Perhaps even more relevant for today was the deterioration of the Soviet Union and Russia's care system. Although it had a well-grounded public health component based on sanitation and epidemiology ideals from the 1920s, those advances were lost with the implosion of the Soviet Union. Diseases of all kinds spread rapidly, and the nation began almost instantly to feel the effects of self-imposed epidemics, such as alcoholism, drug abuse and even heart ailments associated with poor diets. Without the centralization of services, the combative elements like community collaboration fell apart. The country and its people became wholly dependent on the goodwill of other countries and outside forces, not their own warriors.
In the United States today, we face these same kinds of concerns on different levels. While we still mostly assume our public and even private hospital systems (and government emergency and security agencies) can address explosive health emergencies, we have all in all allowed the weakening of our own community health sectors -- the places where the health warriors live and collaborate. With upwards of 50 million people not qualifying for health insurance, this leaves an avalanche of those in need having to depend on local clinics that are often full and that lack some basic capabilities. Even though what the Obama administration has done with lessen this concern, the major focus for care will still be on the use of large-scale hospitals and services that stand alone and depend on technology as their first round of defense. Neighborhood health warriors will still be used as secondary lines of defense with virtually no elements of offense. (Perhaps the best resource can be found at http://www.nachc.org/.)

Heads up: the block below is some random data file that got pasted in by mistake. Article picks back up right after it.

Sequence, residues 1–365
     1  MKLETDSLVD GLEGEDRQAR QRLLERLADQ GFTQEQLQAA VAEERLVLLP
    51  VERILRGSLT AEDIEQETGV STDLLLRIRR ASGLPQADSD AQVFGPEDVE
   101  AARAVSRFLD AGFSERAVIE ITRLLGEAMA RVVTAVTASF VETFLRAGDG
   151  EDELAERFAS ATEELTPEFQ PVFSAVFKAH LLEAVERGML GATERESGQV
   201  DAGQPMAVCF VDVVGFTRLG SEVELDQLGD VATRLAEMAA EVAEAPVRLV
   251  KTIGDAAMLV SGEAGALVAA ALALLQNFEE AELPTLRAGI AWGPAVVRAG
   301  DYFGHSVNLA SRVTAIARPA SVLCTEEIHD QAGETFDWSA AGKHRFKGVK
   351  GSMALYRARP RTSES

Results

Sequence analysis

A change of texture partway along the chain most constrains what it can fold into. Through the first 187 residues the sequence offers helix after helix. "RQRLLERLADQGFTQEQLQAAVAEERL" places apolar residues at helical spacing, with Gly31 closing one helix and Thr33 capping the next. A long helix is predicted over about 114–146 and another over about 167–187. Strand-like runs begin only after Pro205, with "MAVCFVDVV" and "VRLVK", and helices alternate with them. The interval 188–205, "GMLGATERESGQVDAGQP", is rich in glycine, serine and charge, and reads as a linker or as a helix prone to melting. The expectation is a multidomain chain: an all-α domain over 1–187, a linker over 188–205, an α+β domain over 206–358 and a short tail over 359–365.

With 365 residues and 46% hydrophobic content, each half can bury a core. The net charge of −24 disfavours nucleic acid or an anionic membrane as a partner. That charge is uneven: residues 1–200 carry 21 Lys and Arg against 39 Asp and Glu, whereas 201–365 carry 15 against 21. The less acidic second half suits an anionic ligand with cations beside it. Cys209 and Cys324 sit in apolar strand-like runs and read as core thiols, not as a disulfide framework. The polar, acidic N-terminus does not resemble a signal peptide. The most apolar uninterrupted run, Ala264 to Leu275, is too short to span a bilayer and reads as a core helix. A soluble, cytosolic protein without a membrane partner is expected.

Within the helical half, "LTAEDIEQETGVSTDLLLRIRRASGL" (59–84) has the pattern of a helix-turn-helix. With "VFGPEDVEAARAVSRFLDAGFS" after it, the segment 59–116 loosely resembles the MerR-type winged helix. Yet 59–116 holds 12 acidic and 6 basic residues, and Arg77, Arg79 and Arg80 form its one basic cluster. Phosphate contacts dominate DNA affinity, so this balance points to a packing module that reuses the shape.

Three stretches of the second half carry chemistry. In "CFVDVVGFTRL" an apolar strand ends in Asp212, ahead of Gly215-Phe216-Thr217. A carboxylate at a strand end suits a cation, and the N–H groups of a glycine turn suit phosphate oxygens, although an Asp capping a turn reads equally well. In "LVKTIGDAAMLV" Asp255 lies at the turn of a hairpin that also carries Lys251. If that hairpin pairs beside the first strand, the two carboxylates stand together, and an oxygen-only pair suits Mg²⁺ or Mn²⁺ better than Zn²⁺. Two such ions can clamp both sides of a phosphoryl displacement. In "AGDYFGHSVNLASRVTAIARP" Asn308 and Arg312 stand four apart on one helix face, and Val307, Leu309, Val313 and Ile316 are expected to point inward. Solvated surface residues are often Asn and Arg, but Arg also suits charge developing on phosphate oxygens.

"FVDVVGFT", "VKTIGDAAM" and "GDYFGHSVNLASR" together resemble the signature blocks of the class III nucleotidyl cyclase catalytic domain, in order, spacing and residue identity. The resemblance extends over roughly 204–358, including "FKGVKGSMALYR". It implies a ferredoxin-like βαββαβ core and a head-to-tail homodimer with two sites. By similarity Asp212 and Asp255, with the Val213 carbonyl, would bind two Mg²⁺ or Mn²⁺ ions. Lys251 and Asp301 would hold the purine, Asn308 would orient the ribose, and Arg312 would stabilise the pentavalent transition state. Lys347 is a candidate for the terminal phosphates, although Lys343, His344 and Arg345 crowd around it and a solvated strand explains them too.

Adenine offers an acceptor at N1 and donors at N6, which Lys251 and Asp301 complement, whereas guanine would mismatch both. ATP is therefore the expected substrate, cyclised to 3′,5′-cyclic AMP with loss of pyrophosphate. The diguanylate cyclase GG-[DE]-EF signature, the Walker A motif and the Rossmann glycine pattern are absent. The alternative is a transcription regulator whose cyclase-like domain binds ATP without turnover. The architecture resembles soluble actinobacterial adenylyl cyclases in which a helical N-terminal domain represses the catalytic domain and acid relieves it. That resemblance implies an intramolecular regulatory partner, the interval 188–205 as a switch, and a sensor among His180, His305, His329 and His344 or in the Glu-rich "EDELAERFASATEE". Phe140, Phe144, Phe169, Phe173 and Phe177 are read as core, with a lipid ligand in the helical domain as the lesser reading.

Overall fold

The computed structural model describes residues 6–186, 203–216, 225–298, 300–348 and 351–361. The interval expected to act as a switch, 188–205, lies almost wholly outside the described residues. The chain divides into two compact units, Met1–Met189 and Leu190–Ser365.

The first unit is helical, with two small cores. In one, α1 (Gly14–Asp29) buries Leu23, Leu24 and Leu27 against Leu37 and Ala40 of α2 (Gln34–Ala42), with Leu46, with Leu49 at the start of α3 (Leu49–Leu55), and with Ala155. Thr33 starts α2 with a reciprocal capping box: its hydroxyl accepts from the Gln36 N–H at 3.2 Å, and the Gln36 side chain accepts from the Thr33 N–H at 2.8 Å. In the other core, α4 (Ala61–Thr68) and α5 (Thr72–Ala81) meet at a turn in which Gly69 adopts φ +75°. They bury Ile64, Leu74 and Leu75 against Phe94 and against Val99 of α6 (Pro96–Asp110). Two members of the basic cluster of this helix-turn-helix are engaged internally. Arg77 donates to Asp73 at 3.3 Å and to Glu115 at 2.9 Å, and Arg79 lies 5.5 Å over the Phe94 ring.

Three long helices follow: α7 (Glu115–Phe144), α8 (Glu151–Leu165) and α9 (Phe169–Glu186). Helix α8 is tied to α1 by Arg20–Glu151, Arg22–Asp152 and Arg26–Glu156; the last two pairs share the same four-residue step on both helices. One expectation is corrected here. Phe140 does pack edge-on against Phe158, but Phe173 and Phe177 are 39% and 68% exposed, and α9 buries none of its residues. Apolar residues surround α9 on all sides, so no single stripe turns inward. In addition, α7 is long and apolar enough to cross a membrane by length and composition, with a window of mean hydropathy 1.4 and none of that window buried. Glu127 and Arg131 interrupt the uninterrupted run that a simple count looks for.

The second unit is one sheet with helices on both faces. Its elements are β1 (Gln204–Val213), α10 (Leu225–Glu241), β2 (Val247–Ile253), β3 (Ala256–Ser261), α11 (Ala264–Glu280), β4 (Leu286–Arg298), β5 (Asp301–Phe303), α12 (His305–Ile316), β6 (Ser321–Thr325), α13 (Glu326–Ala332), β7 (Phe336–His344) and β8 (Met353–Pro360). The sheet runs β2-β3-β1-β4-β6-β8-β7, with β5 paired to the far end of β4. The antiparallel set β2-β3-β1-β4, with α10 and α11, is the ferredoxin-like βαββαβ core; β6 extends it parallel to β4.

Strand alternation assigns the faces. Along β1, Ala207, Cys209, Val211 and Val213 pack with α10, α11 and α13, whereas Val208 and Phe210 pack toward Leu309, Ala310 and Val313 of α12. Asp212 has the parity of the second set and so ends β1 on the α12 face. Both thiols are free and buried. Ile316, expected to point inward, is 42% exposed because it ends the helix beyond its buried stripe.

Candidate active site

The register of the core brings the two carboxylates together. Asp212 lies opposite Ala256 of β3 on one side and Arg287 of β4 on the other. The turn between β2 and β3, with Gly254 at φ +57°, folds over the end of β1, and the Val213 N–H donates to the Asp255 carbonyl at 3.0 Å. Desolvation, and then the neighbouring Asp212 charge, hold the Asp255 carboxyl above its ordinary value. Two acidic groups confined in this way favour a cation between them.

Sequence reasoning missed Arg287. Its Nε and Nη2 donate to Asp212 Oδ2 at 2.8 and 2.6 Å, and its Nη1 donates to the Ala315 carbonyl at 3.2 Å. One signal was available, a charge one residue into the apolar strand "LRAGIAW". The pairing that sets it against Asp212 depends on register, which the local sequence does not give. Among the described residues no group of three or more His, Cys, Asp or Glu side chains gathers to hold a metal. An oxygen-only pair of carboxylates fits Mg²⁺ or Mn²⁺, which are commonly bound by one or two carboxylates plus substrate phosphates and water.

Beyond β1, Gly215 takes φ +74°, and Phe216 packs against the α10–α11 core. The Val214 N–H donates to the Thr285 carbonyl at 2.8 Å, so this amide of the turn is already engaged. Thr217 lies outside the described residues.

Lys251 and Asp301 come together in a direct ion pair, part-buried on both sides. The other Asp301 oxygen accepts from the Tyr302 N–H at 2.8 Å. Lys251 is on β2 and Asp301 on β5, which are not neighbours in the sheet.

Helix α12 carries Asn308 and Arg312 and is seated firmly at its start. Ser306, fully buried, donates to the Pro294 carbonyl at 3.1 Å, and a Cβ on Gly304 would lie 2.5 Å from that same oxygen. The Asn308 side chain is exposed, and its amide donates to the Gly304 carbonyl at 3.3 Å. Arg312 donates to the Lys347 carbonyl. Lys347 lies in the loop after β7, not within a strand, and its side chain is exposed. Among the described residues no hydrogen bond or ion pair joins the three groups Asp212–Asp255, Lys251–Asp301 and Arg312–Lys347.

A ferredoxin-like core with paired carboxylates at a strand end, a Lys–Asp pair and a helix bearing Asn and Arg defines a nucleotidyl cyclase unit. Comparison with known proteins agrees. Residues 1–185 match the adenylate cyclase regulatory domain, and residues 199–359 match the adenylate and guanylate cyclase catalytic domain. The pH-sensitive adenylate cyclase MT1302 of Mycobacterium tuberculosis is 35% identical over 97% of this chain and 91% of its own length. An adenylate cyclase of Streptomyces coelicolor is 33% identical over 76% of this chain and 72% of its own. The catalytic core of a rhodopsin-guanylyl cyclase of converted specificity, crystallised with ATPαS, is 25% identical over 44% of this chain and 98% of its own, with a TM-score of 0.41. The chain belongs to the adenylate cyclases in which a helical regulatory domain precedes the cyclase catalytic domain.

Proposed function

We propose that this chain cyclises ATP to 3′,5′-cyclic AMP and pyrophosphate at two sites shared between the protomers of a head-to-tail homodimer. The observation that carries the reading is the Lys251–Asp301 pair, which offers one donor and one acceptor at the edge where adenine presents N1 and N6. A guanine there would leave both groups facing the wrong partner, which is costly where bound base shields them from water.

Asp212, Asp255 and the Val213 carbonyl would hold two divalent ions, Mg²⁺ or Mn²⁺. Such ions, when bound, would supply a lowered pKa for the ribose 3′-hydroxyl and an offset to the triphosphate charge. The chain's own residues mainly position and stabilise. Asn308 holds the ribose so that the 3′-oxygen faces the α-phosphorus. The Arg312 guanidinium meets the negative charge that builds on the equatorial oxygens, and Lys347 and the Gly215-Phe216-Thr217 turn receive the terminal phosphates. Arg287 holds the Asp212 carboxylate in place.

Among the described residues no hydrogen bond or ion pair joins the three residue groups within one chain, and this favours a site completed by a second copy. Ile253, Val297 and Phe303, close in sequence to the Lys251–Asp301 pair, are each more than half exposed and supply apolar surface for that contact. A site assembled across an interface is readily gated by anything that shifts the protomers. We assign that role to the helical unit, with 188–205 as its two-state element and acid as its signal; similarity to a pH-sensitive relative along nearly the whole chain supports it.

If there is one advantage that the U.S. has that others don't seem to have been able to benefit from, it is the emergence over the last few years of the concept of documentary entertainment media shows. Programs like the movie Philadelphia with Tom Hanks dramatically personalized what can happen when even the larger systems of care are derailed by outside prejudices. It became clear that some of our best government care programs were controlled by ignorance not medical need. These costs of bigotry as depicted in Milk and Laramie were, of course, again tied to gay people and AIDS, often at the expense of other challenges. The shows dramatically highlighted mental health shortcomings.
Both Milk and The Laramie Project also ended up being about death. This was important because more attention was being focused on this part of our care system -- and also an element that was unnaturally manipulated by political ends. But, at least in the case of The Laramie Project, the story didn't stop with the killing. Outspoken Christian extremists used the episode to pronounce their beliefs on AIDS and immorality by protesting at funerals. This connection likely brought the issue of death with dignity back to the same issues of life with dignity.
Unfortunately so far, even with the building of this bridge, we now know that U.S. attitudes and practices regarding death and dying are themselves massively and expensively governed by political pressures. We have not learned in this regard either about the community and family possibilities of dying with end of life warriors. And the result is yet again, a health care system that deals with death poorly and is costly because of its legal and social weaknesses.
The tone of this failure can best be felt in the writings of Atul Gawande and the limitations of American medicine when it comes to saving someone's life or ending it well. His use of the concept of our nation being out of touch with the "art" of dying is perhaps the best encapsulation of his viewpoints. But in reality, he showcases through many real cases what it means when we let ourselves down as people and don't let our communities play their role in the dying process. Instead, he notes, our nation uses medical hope as a plan and counts on the miracles of statistical improbability -- which makes it very hard for…